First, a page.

We checked the calendar and it isn't April Fool's Day. On last night's 60 Minutes Amazon CEO Jeff Bezos unveiled a ridiculous new proposal: Prime Air, a drone delivery system that aims to deliver packages to you within 30 minutes or less by 2015.
Amazon Prime Air will deploy octocopters that can carry packages up to five pounds (which is what 86 percent of Amazon orders are anyway) within a 10 mile radius of the shipping facility. (No Xbox One delivery by drone for you guys!) As shown in the company's concept video below, packages will be sent in what look to be plastic containers that can be securely held by the drones.
Although no details were shared on how the drones would reach their destination, it isn't hard to imagine them using a GPS route à la Parrot AR.Drone 2.0. For all we know, Amazon could even hire teams of remote control flyers to steer them using an onboard camera.
While a drone delivery service sounds great (like that taco delivery system), there are some very real roadblocks that could keep Amazon Prime Air's drones grounded. You see, while you can fool around with a toy drone for a few minutes, a network of drones for commercial purposes would require regulation under the Federal Aviation Administration.
Without proper safety regulations in place, what would happen if drones malfunctioned and started crashing all over the place or fell out of the sky? And what happens if the drones and the packages they're carrying are intercepted by thieves? Those are important questions and Amazon says it's committed to safety first. Right now, to create a fail-proof drone delivery system requires prep work (lots of it).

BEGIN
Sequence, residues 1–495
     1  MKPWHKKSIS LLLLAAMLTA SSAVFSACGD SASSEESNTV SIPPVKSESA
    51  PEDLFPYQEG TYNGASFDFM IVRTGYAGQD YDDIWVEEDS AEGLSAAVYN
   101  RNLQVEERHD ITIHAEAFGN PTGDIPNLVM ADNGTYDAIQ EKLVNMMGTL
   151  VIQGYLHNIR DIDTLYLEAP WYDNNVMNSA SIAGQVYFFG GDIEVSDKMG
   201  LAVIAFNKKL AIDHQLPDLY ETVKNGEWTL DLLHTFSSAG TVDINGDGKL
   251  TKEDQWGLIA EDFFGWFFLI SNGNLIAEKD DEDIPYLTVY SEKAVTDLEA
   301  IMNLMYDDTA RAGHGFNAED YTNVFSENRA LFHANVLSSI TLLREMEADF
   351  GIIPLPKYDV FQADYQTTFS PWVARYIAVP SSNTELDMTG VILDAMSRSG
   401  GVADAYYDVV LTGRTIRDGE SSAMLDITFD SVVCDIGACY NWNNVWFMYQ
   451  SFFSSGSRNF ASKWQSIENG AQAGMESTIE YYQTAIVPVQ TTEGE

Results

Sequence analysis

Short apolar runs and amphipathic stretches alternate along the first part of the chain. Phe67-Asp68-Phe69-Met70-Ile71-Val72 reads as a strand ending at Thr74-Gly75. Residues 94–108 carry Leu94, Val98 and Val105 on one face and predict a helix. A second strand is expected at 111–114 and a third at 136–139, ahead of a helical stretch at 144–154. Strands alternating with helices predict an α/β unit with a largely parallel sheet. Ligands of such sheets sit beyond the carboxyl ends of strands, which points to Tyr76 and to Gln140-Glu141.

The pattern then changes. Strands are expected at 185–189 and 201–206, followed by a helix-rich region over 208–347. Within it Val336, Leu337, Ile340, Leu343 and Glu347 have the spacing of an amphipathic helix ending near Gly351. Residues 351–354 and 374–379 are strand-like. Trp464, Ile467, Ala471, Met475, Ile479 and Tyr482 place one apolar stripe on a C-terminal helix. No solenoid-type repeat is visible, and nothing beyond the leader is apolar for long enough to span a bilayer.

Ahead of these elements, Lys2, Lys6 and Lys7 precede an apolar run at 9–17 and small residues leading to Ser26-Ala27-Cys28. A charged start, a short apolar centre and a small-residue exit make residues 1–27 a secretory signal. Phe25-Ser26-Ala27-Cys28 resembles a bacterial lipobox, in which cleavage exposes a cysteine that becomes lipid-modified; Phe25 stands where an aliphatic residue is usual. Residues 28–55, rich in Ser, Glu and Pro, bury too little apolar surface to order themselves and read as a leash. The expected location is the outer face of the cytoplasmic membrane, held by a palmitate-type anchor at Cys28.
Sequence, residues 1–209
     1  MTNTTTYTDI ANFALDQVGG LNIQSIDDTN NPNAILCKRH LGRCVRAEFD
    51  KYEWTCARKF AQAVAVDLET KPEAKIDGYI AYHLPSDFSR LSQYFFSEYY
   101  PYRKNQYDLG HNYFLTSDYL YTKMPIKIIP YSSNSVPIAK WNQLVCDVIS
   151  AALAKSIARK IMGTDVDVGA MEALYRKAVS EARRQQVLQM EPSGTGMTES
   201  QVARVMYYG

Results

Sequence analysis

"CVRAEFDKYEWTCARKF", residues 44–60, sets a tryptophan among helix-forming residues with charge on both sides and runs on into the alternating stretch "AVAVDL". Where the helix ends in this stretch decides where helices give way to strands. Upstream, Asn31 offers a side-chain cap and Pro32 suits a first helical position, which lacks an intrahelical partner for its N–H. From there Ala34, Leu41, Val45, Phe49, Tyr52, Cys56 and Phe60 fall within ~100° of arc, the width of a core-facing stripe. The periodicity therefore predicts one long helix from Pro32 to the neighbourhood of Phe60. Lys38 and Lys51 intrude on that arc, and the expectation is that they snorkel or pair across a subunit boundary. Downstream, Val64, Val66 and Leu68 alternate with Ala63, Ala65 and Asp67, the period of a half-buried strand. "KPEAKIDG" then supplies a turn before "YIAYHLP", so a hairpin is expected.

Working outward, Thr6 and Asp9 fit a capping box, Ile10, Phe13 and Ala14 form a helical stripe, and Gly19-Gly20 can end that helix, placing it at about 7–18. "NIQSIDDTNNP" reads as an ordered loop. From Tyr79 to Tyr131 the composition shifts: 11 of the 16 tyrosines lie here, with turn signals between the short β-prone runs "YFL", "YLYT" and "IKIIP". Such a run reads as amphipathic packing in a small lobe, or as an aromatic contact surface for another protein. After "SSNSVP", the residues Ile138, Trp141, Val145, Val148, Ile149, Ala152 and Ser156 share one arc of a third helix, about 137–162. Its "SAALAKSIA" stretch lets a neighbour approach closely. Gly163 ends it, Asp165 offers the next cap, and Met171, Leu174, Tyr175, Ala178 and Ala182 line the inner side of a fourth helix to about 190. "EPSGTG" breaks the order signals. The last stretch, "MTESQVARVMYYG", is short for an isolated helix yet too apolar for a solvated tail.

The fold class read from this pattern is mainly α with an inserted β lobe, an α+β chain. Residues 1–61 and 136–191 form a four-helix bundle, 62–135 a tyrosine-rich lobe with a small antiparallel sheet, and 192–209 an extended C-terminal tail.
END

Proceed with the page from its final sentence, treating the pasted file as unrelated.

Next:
Just as airplanes don't get built and flown overnight across country, neither do drones. Amazon says its drones will be "built with multiple redundancies and designed to commercial aviation standards."
When the FAA finishes hashing out its rules, Amazon will be right there, at the front; ready to deploy it drones.
Amazon Prime Air might sound like complete BS right now (as our Interim Editor Evan Ackerman puts it), but it's still an optimistic plan. Amazon's website says "Prime Air vehicles will be as normal as seeing mail trucks on the road today." As with all technology, what sounds like science fiction now may be very real in the future.